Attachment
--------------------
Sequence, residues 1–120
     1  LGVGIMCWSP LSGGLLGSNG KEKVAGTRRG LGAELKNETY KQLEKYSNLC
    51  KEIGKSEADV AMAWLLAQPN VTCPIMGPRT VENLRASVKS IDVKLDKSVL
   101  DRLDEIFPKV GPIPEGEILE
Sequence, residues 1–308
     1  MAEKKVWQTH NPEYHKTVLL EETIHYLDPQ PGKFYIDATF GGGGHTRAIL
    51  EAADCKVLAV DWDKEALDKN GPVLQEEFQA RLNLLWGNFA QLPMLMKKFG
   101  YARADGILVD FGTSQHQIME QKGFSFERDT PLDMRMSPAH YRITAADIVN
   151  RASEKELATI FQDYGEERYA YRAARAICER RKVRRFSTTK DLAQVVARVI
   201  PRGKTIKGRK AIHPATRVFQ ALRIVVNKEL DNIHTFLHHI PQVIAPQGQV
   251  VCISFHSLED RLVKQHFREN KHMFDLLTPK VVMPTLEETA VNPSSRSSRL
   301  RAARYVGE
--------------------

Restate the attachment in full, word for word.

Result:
Sequence, residues 1–120
     1  LGVGIMCWSP LSGGLLGSNG KEKVAGTRRG LGAELKNETY KQLEKYSNLC
    51  KEIGKSEADV AMAWLLAQPN VTCPIMGPRT VENLRASVKS IDVKLDKSVL
   101  DRLDEIFPKV GPIPEGEILE
Sequence, residues 1–308
     1  MAEKKVWQTH NPEYHKTVLL EETIHYLDPQ PGKFYIDATF GGGGHTRAIL
    51  EAADCKVLAV DWDKEALDKN GPVLQEEFQA RLNLLWGNFA QLPMLMKKFG
   101  YARADGILVD FGTSQHQIME QKGFSFERDT PLDMRMSPAH YRITAADIVN
   151  RASEKELATI FQDYGEERYA YRAARAICER RKVRRFSTTK DLAQVVARVI
   201  PRGKTIKGRK AIHPATRVFQ ALRIVVNKEL DNIHTFLHHI PQVIAPQGQV
   251  VCISFHSLED RLVKQHFREN KHMFDLLTPK VVMPTLEETA VNPSSRSSRL
   301  RAARYVGE